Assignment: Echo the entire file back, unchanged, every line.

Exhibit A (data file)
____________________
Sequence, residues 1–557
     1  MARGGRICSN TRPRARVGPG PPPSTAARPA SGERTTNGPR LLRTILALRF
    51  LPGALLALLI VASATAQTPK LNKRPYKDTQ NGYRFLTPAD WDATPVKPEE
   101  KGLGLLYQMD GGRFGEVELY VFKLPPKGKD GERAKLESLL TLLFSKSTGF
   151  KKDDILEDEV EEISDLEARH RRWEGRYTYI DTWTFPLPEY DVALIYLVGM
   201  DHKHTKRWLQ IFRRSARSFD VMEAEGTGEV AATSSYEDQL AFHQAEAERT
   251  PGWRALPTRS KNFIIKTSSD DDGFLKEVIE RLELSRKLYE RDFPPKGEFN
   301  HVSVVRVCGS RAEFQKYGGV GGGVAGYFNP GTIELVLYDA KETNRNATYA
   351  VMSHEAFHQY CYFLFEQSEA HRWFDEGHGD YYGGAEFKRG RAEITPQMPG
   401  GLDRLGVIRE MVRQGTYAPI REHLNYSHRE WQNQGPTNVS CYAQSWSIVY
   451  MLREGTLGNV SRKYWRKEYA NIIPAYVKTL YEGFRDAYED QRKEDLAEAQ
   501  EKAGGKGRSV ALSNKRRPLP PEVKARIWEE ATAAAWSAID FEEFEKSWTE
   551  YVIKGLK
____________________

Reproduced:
Sequence, residues 1–557
     1  MARGGRICSN TRPRARVGPG PPPSTAARPA SGERTTNGPR LLRTILALRF
    51  LPGALLALLI VASATAQTPK LNKRPYKDTQ NGYRFLTPAD WDATPVKPEE
   101  KGLGLLYQMD GGRFGEVELY VFKLPPKGKD GERAKLESLL TLLFSKSTGF
   151  KKDDILEDEV EEISDLEARH RRWEGRYTYI DTWTFPLPEY DVALIYLVGM
   201  DHKHTKRWLQ IFRRSARSFD VMEAEGTGEV AATSSYEDQL AFHQAEAERT
   251  PGWRALPTRS KNFIIKTSSD DDGFLKEVIE RLELSRKLYE RDFPPKGEFN
   301  HVSVVRVCGS RAEFQKYGGV GGGVAGYFNP GTIELVLYDA KETNRNATYA
   351  VMSHEAFHQY CYFLFEQSEA HRWFDEGHGD YYGGAEFKRG RAEITPQMPG
   401  GLDRLGVIRE MVRQGTYAPI REHLNYSHRE WQNQGPTNVS CYAQSWSIVY
   451  MLREGTLGNV SRKYWRKEYA NIIPAYVKTL YEGFRDAYED QRKEDLAEAQ
   501  EKAGGKGRSV ALSNKRRPLP PEVKARIWEE ATAAAWSAID FEEFEKSWTE
   551  YVIKGLK